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Conferences & lectures

Race, haunting and magic in research and writing: When your data nudges you to write speculative fiction

Date & time
Wednesday, March 31, 2021
12 p.m. – 1 p.m.

Registration is closed


Leila Angod


This event is free



Presented by the 2020-21 Lillian Robinson Visiting Scholars program.

In the academy we typically tell stories for other academics through scholarly venues using disciplinary genres. What happens when your data doesn’t want to fit into these boxes anymore and rather has a story to tell that is very different from the one you had envisioned?

Woman with long brown hair, wearing dark red lipstick, small golden earrings and a black shirt, smiling at the camera. Leila Angod

In this presentation I share how my ethnographic and archival research project about race at Canadian elite schools is taking on a life of its own as a work of fiction. This unexpected trajectory emerged from writing ethnographic vignettes that began to take up increasing amounts of space on the page. I began to sense that the parameters of scholarly writing limited my exploration of how race and empire haunt Canadian elite school life.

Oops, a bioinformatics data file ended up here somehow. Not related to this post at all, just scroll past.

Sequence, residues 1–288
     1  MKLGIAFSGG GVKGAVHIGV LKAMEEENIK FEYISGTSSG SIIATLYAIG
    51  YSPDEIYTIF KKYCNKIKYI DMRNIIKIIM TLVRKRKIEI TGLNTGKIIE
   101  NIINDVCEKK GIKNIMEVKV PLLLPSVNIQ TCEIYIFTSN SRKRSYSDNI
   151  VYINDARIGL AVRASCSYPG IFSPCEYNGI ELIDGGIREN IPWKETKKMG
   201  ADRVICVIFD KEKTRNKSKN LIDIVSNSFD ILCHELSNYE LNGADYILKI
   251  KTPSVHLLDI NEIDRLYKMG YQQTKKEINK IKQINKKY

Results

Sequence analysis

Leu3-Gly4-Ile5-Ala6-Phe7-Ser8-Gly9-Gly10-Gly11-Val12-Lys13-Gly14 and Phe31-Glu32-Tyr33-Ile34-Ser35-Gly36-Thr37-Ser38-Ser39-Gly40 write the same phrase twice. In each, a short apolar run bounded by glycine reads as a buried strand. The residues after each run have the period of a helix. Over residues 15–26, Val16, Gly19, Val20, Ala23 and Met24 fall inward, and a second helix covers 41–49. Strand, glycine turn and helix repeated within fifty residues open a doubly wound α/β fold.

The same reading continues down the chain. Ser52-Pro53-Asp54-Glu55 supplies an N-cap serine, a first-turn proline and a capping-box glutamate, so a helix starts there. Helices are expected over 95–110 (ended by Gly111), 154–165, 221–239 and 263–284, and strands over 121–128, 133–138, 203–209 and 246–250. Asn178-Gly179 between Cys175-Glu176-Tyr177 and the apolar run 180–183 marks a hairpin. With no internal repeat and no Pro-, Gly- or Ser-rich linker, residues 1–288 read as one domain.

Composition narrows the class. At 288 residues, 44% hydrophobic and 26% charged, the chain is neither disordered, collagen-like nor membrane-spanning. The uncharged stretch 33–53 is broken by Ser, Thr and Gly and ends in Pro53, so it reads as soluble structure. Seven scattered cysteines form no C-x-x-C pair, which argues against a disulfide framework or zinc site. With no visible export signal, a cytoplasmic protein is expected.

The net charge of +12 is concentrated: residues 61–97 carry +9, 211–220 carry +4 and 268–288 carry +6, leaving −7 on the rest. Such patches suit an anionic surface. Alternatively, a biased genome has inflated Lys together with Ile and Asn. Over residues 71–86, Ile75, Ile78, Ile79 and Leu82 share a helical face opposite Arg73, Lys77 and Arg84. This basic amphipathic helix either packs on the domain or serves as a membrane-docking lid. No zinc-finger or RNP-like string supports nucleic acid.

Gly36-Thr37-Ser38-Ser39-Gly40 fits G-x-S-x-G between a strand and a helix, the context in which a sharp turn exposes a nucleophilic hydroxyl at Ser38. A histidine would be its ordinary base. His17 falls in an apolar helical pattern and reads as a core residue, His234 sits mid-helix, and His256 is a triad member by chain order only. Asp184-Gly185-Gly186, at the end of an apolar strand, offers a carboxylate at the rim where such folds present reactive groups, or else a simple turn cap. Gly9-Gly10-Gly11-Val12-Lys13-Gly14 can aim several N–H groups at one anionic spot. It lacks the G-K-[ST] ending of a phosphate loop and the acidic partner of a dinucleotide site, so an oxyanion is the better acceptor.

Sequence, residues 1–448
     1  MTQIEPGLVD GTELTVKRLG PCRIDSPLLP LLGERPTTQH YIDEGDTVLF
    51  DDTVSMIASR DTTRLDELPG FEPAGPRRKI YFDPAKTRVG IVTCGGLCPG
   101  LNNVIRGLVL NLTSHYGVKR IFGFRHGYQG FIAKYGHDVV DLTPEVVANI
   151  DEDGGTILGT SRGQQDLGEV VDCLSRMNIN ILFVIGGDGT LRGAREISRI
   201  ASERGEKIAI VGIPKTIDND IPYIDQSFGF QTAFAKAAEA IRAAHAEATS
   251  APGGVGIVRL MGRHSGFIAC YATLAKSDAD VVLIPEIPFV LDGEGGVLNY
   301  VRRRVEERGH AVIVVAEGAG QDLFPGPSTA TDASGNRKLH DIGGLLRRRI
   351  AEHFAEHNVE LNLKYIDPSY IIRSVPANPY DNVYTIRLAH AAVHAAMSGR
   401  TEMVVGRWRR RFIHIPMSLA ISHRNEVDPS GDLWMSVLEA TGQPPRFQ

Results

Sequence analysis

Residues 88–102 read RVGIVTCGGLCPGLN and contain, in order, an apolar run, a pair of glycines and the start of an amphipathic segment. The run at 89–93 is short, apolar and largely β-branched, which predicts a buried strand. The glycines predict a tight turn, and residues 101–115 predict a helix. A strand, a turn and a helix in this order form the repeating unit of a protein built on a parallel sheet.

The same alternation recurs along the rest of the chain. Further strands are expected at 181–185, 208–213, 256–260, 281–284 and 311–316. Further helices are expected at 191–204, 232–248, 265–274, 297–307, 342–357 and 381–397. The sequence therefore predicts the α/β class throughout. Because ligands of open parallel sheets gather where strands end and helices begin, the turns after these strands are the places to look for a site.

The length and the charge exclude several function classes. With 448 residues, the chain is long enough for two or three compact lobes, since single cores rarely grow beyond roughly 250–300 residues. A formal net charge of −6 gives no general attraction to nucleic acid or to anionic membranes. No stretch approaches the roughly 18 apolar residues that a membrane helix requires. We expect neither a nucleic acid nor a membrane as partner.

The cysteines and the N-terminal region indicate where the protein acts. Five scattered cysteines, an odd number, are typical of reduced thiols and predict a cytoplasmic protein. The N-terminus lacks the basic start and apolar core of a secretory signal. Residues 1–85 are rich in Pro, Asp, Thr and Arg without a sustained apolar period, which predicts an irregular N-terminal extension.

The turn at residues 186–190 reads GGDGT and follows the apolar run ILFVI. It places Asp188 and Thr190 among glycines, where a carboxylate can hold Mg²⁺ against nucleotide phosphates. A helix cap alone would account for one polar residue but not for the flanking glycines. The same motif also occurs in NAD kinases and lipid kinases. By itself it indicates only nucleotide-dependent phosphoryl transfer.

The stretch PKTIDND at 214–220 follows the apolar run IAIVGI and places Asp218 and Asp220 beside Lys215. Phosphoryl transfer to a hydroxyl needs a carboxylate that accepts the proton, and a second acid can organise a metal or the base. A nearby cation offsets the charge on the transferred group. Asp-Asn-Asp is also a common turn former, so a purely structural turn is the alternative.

Building on my theoretical framework of the social magic of relations of power (Bourdieu, 1989; Hartman, 1997; Marx, 2009), I began to sense a storyworld taking shape around these principles, and composite characters beginning to emerge from the participants of my study.

Building on the visual methodologies that I use in youth participatory action research, I also explore my early foray into incorporating visual approaches into my creative writing practice.

I explore questions of audience and how we wish to be in conversation with others, of storying racial violence, and, thinking with Ruth Wilson Gilmore, of creating critical feminist infrastructures of care. This presentation is an invitation to reflect on and be in conversation about creative writing in and through research.

About the speaker

Leila Angod is a lecturer at University of Toronto and University of Ottawa who resides in Montreal. Her forthcoming publication “On Refusing to Redeem Voluntourism: The Antiblackness of Social Justice Education at an Elite School” addresses the study that this talk draws from, and will appear in Equity & Excellence in Education journal.

Note that space is limited and registration is required.

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